Obviously Valve are OK with this. They are the ones who distribute Steam keys, after all.

          The Humble Bundles have been handing out Steam keys for a while now.

            Kickstarter is for fundraising in order to create the game, not for selling the game directly to customers.

    The points this guy is making are all very obvious, of course it's only going to work for people with a fanbase.

      Reminds me of a music critic on The A.V. Club who was talking about self-publishing music on the internet.

      Rule #1 for internet self publishing: Be Radiohead!

    The article only seems to take the viewpoint of whether this is a game changer for established companies looking to free themselves from the money vacuum of a publisher. What it doesn't seem to cover is what this means for those who are new to the industry and are trying to crowdsource their first project.

    Will we see new studios be crowded out of the ring by the heavyweights with established followings and an industry name behind them? Kickstarter allows us, the fans, the ability to play investor and decide where to put our money. If we're faced with a choice between industry legend and unproven amateurs, we're more likely to go with the established group because we feel it's safer than investing on a potential failure.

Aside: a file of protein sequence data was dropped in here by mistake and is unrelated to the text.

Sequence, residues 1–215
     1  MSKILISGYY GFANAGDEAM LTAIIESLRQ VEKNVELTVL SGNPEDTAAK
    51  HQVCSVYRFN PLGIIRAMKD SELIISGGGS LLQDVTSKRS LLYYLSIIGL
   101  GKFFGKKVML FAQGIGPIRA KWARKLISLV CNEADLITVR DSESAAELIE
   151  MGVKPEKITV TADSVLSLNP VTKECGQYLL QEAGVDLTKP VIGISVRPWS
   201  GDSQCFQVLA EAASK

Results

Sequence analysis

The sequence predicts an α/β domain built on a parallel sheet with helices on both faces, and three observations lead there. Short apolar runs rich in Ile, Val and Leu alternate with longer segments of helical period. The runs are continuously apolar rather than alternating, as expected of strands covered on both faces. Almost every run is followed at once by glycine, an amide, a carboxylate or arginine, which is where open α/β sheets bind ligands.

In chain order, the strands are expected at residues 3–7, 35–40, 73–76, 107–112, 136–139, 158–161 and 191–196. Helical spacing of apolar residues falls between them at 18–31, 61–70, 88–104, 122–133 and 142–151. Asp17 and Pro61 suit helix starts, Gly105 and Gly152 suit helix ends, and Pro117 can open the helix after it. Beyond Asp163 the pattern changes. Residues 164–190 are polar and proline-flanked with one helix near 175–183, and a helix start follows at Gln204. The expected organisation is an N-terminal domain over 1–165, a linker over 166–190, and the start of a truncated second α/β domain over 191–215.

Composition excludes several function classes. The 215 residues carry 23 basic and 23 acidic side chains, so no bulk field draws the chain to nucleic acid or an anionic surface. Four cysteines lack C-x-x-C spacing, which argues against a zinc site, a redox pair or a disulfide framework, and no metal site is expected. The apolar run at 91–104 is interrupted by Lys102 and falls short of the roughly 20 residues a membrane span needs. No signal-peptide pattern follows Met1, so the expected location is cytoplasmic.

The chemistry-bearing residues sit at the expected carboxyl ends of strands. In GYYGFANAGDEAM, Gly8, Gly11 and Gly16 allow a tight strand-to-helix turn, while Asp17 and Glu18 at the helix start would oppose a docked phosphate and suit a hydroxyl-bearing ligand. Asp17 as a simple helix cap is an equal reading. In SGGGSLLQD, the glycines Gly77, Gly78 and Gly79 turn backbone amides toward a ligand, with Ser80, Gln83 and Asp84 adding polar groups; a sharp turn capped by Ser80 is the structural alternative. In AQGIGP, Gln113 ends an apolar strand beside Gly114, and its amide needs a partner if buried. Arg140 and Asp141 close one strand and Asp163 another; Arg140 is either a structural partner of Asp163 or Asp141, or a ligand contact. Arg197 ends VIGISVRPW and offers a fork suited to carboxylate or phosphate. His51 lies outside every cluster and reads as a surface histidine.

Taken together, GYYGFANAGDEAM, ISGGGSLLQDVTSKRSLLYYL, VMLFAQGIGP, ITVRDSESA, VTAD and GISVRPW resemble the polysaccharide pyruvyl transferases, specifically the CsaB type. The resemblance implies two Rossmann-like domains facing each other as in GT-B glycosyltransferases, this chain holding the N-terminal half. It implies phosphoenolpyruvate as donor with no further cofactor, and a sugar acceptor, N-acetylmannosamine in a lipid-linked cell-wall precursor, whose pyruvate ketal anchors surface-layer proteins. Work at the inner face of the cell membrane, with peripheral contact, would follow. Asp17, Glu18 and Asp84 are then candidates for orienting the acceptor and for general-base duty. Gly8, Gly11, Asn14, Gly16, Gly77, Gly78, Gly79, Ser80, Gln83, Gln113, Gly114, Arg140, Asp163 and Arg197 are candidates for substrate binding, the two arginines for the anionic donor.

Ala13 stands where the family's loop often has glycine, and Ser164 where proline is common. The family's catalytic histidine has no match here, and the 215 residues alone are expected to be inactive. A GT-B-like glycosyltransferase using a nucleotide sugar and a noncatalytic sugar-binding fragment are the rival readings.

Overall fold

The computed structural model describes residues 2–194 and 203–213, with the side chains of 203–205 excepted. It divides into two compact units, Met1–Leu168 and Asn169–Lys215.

Granted, Kickstarter's model is designed to prevent this, but I'm wondering whether anyone else sees potential problems or if this is going to actually aid people because a few celebrities are bringing the spotlight on the site and increase the number of people looking at their projects.

    It strikes me that publishers all across the board are pretty crummy - we've all heard about the contracts they have in the music industry - where you're advanced a sum of money to make your album and have to recoup the cost of that from your sales before you see any money back (a feat which must be nigh on impossible in this day and age)

    I know for a fact if you're looking to be rich don't write a book - Royalty rates are not what they're cracked up to be - if you have a mega-hit maybe but most books might make the Author 15% if they're lucky, and like the record industry there's a lot of costs the publisher wants to recoup first.

    The game industry seems even worse in that there doesn't seem to be a lot of profit-sharing going on with the studios at all - sure the publisher takes a risk funding a project but video games seems to be one of the few industries where the authors have very little rights over their work.

Join the discussion!